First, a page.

The value of any kind of travel narrative is meted out not in the immediate present but slowly over time, which only adds to the torture of writing them. Oftentimes both reader and writer don’t really know what they’ve really got on their hands until five, ten, or even fifteen years down the proverbial road following the book’s publication. That’s when you can take a hard look and see what of the author’s words still hold true — which of the observations were so prescient back then that they were not only true at the time they were written but were even prophetic, wholly or partially. That’s when you get a true sense of the value of the thing. The travel narrative that jibes only with the current reality is nearly useless. By the time it goes to print it’s half out of date already. The one whose prose casts an eye, intentionally or not, on the future, the past, and the present — that’s what the travel writers of the world are all aspiring to, and what so few actually achieve.
Steven Crook would, I suppose, now qualify as one of Taiwan’s old foreign hands. He has been writing about the island nation for newspapers, magazines, and guidebooks since 1996, nigh on twenty years now. His book, Keeping Up with the War God, came out in 2001, when he wasn’t yet an old hand. But he was already writing like one. The book is acerbic at times, but without the commonplace white Western expat in Asia whinging. You know the kind. The type of writing that bemoans the backwards ways of the local population, cringing at the strangeness of the customs, and cracking wise at tradition. No, this is far, far from any of that, thank goodness. It is forthright, no doubt; but even in moments where his wit — and there is plenty to spread amongst the pages — takes a turn for the acidic, Crook never allows it to overshadow his love for this place or his fascination with its cultural and customary idiosyncrasies. Nor does he let his passion for Taiwan cloud his judgment and turn him into some kind of cultural apologist.
Fundamentally, Crook is fastidiously honest in his explorations of place, time, and culture as they relate to Taiwan. He offers no caveats, for none are required. He makes no apologies, for he owes none. As the subtitle of the book says, he simply presents Taiwan “As It Seemed to Me.” The true wonder of the book is that often the way it seemed to him in 2001 is the way it still seems today in the latter stages of 2015. In one passage, he remarks on Taiwan’s high level of public safety and ludicrously low crime rate, tempering those observations by stating that although it does seem unlikely one will fall victim to violent crime while in Taiwan, one could very well be killed by way of neglect, say, of the common rules of the road for instance.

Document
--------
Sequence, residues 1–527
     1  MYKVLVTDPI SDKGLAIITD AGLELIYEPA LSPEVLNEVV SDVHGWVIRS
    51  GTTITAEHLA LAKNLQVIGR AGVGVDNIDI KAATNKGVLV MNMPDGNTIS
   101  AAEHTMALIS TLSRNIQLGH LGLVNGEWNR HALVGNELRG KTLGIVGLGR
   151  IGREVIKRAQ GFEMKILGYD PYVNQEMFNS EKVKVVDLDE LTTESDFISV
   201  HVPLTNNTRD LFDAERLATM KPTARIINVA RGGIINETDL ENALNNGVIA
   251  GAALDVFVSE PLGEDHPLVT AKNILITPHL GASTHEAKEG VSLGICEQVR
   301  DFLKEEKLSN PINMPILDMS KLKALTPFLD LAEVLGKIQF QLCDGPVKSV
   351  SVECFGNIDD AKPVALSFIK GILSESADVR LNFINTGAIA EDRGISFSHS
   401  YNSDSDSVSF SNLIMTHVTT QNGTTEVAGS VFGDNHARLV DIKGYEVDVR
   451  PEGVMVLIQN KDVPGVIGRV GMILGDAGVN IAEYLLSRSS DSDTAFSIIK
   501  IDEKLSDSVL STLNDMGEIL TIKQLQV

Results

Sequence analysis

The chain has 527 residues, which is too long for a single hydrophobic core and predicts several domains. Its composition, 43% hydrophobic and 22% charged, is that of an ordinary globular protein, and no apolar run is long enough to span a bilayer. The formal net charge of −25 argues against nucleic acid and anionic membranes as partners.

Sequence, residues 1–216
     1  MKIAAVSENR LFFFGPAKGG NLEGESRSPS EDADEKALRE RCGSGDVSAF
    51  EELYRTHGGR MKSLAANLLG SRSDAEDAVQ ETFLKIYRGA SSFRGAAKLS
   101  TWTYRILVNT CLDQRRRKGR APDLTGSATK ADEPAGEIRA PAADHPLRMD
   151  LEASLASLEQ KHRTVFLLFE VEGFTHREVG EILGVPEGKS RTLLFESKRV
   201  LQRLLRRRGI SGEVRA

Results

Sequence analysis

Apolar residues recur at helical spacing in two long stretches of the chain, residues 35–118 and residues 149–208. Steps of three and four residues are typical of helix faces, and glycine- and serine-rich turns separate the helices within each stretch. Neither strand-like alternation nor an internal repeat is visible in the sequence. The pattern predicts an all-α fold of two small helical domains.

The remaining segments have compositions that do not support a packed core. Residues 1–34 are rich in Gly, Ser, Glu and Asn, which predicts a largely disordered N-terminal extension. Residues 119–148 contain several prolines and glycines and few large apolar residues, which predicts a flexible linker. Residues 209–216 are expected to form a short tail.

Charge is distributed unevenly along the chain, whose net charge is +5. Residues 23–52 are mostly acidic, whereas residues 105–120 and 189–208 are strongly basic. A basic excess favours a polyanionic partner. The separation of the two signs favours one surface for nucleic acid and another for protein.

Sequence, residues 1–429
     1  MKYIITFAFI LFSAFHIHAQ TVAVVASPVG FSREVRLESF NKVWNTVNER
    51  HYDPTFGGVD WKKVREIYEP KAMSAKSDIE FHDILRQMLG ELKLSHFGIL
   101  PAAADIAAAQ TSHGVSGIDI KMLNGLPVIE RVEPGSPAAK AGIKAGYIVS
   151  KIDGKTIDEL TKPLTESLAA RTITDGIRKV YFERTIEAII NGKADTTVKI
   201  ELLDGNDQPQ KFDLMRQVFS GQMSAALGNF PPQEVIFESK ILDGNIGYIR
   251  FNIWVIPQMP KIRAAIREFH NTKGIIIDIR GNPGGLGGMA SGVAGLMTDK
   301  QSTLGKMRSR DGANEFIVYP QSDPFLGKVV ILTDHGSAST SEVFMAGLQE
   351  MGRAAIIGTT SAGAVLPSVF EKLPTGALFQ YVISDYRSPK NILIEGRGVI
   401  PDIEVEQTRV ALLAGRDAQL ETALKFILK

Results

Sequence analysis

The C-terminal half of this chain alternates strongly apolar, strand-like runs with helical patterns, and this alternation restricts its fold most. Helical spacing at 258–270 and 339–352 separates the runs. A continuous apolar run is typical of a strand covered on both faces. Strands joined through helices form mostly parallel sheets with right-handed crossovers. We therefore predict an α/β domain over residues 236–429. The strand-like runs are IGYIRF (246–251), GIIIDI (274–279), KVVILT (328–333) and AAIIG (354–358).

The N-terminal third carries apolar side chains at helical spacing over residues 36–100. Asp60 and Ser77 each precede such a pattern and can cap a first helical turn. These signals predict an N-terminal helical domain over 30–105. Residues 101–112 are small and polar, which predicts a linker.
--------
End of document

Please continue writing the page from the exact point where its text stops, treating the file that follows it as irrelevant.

Crook doesn’t pull punches in his descriptions of his wanderings throughout the Taiwanese countryside and cities. Chiayi is described as a place that will never be anything more than a city he passes through. Nor is he fearful of skewering sacred cows. The most obvious example would be in his writings on Ali Shan, a heavily promoted mountain destination featured prominently in Tourism Bureau propaganda. Clearly unimpressed, Crook describes the place as a car park surrounded by hotels and overpriced restaurants.
The mark of true understanding is the ability to draw parallels between past and present and the figures at play therein. Crook ably demonstrates his ability in this regard in numerous instances, not the least of which is his comparison of the famed General Koxinga, who expelled the colonial Dutch from Taiwan, and Generalissimo Chiang Kai-Shek, leader of the Kuomintang until his death in the mid 1970s. Both vowed, as Crook writes, to return to the mainland to restore the “legitimate regime.”
The best way to sum up Keeping Up with the War God is to say that Crook is a master observer of, as he puts it, “the confluence of the sacred and the profane.” His historical knowledge and the depth of his research into the work is unimpeachable, digging far below the cursory and the obvious to the strange and, in terms of broadly read or available English language literature, the unknown. From pirates in Chiayi to a shrine dedicated to a faithful guard dog put down by poison fed to him by a gang of marauding bandits, Crook provides healthy doses of uncommon perspective throughout.
In the years that have followed the publication of this work, Crook has established himself as one of the preeminent foreign experts on this land, a testament to his dedication to exploration of all corners, from the truly wondrous to the over-hyped; and he portrays them in his highly descriptive style in the manner they deserve. At no point does Crook’s passion or his brutal honesty wane, nor does his enthusiasm for this place falter. As he writes in the closing, “there is always some other spectacle,” and we hope he will be there as its chronicler.
Publisher: Books from Taiwan (Second Edition, 2011)